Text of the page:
--
    Flash Gordon
    Flash Gordon, Feb 10, 2008
    #5
  6. Janet:

    > What is the major reason for using void*?
    > When should we use void* for both input arguments and return value?
    > How can we cast the void* pointer to the type we need?
    > Thanx



    A void* is really just a char* that has few more "features" (...or even
    "lack of features").

    The differences between char* and void* are:
    1) void* has implicit conversion to and from every other pointer type.
    2) You can do pointer arithmetic on a char*, but NOT on a void*.
    3) You can dereference a char*, but not a void*.

    Basically the idea is that you use a void* when you aren't certain what
    you're going to be pointing to. You might be pointing to an int one minute,
    then a double the next.

    At the end of the day tho, both void* and char* really just store the
    address of a byte.

    --
    Tomás Ó hÉilidhe
    Tomás Ó hÉilidhe, Feb 11, 2008
    #6
  7. Janet

    Jack Klein Guest

    On Sun, 10 Feb 2008 22:41:58 +0000, Flash Gordon
    <> wrote in comp.lang.c:

    > Eric Sosman wrote, On 10/02/08 21:49:
    > > Janet wrote:

    >
    > <snip>
    >
    > >> How can we cast the void* pointer to the type we need?

    > >
    > > With a cast operator, like `(int*)ptr' or `(char*)ptr'.
    > > Since the void* pointer carries no information about the
    > > kind of data it points to, you need some other way to
    > > figure out which cast operator is appropriate.

    >
    > More often than not you should not cast the pointer at all. This is
    > because it is implicitly converted when assigned to a variable of
    > another type. So Janet should *not* cast the result of malloc.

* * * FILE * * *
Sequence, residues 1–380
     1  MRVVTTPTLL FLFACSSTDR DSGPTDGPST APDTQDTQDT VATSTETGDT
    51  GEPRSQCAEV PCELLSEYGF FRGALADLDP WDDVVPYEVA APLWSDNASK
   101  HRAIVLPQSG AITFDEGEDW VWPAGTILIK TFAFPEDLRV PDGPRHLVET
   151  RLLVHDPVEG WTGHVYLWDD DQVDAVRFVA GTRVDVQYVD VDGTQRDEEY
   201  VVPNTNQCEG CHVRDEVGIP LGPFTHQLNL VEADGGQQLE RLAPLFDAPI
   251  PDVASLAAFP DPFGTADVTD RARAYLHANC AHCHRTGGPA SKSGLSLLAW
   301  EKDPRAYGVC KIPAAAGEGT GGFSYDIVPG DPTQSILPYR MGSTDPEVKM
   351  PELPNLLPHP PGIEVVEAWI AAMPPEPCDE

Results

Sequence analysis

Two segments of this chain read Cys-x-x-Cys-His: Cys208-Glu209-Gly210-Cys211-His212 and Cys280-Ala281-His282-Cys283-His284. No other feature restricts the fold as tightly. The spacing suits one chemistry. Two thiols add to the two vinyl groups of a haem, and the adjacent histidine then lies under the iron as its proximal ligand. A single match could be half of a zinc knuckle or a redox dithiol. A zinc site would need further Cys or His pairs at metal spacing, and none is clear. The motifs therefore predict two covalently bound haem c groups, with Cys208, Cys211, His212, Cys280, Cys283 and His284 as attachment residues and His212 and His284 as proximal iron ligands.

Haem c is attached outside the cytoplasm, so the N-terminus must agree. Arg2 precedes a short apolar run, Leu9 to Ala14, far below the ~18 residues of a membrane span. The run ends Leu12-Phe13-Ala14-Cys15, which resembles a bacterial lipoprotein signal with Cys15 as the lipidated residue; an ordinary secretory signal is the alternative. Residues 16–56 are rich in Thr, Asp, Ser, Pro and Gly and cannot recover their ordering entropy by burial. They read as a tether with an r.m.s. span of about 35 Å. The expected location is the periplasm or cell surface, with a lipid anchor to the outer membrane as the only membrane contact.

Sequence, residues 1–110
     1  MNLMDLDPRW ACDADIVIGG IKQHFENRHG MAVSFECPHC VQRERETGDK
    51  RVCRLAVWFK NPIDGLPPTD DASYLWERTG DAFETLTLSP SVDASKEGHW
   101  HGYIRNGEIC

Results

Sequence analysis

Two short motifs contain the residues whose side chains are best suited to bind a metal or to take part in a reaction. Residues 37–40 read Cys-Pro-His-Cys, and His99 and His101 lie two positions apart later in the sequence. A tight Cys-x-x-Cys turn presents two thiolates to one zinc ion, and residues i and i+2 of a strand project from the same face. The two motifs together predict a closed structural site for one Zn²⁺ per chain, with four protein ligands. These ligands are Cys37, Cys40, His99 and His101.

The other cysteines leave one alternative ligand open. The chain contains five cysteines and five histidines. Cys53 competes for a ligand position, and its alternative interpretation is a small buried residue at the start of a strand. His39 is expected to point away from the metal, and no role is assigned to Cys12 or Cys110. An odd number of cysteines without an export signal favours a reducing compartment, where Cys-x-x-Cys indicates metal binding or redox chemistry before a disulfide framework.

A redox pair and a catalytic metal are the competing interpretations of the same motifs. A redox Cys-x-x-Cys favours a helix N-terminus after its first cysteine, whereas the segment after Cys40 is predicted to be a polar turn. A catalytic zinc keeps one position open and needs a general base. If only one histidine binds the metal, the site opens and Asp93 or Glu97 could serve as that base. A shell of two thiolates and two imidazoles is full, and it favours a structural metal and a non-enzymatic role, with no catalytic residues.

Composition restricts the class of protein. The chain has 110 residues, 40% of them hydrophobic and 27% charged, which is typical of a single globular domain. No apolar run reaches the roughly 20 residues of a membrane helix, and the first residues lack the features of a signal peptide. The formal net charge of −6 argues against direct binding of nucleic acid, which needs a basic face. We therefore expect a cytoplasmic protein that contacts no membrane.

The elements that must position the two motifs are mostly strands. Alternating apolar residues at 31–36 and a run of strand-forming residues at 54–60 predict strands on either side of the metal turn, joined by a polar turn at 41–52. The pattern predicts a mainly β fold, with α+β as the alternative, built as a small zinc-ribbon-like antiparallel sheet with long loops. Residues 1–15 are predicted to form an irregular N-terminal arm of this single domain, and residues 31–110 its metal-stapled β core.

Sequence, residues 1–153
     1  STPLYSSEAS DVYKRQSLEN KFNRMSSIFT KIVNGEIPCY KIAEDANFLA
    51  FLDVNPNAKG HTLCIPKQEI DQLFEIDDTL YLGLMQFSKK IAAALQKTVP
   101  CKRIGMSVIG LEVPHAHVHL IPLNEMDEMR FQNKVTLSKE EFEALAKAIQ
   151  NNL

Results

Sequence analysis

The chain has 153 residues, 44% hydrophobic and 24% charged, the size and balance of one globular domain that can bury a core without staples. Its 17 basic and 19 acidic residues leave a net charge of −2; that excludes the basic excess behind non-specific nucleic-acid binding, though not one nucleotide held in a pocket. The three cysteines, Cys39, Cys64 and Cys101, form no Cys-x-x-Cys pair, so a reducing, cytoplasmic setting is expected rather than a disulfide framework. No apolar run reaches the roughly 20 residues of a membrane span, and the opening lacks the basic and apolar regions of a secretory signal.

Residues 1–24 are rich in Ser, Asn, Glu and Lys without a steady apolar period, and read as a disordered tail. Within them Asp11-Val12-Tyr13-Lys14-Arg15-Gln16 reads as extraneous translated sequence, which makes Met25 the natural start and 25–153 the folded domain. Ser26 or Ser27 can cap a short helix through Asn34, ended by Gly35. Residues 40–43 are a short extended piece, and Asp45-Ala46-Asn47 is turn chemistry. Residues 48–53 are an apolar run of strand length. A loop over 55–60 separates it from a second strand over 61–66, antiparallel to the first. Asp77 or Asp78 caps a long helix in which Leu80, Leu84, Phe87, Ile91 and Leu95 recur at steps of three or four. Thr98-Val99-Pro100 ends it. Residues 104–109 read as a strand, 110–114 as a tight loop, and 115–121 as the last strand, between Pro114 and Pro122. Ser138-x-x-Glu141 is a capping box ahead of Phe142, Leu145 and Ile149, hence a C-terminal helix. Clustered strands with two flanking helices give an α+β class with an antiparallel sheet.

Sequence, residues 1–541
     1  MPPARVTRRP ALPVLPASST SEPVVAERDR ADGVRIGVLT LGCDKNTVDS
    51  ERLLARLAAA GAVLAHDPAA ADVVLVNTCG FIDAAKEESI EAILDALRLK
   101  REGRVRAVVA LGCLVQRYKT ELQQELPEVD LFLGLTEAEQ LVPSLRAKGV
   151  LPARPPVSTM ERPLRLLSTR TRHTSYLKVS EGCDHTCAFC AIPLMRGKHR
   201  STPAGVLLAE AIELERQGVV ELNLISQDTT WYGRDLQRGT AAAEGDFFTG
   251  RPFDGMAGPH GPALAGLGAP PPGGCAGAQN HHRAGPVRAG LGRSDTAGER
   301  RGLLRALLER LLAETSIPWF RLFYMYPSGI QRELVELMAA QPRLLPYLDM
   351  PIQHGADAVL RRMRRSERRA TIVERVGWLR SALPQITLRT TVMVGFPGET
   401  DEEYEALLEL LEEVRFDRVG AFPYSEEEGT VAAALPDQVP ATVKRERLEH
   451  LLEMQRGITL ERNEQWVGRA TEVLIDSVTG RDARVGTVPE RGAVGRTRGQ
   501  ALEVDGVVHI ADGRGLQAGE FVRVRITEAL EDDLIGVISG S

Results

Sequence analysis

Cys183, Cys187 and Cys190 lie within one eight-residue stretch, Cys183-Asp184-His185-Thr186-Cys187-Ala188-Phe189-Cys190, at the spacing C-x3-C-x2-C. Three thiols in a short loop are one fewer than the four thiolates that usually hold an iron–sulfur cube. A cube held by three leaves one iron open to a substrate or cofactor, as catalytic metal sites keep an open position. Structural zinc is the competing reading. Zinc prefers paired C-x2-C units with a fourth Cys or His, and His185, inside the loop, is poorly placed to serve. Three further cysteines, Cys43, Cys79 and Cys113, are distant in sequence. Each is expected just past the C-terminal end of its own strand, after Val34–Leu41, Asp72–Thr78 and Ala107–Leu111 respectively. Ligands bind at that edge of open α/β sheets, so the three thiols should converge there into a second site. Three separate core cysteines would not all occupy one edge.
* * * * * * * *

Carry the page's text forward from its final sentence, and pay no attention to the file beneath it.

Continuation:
More correctly, pointer to void is implicitly converted by assignment
    to a pointer to any object type. It is not implicitly converted, nor
    is there a defined cast, from pointer to void to any arithmetic type,
    aggregate type, or pointer to function.

    --
    Jack Klein
    Home: http://JK-Technology.Com
    FAQs for
    comp.lang.c http://c-faq.com/
    comp.lang.c++ http://www.parashift.com/c -faq-lite/
    alt.comp.lang.learn.c-c++
    http://www.club.cc.cmu.edu/~ajo/docs/FAQ-acllc.html
    Jack Klein, Feb 11, 2008
    #7
  8. Janet

    Janet Guest

    On 11 Feb 2008 at 4:03, Jack Klein wrote:
    > On Sun, 10 Feb 2008 22:41:58 +0000, Flash Gordon
    ><> wrote in comp.lang.c:
    >
    >> Eric Sosman wrote, On 10/02/08 21:49:
    >> > Janet wrote:

    >>
    >> <snip>
    >>
    >> >> How can we cast the void* pointer to the type we need?
    >> >
    >> > With a cast operator, like `(int*)ptr' or `(char*)ptr'.
    >> > Since the void* pointer carries no information about the
    >> > kind of data it points to, you need some other way to
    >> > figure out which cast operator is appropriate.

    >>
    >> More often than not you should not cast the pointer at all. This is
    >> because it is implicitly converted when assigned to a variable of
    >> another type. So Janet should *not* cast the result of malloc.

    >
    > More correctly, pointer to void is implicitly converted by assignment
    > to a pointer to any object type. It is not implicitly converted, nor
    > is there a defined cast, from pointer to void to any arithmetic type,
    > aggregate type, or pointer to function.


    Could you say what you mean by "no defined cast to pointer to function"?

    Maybe I should elaborate on the question. Basically I'm coming from JAVA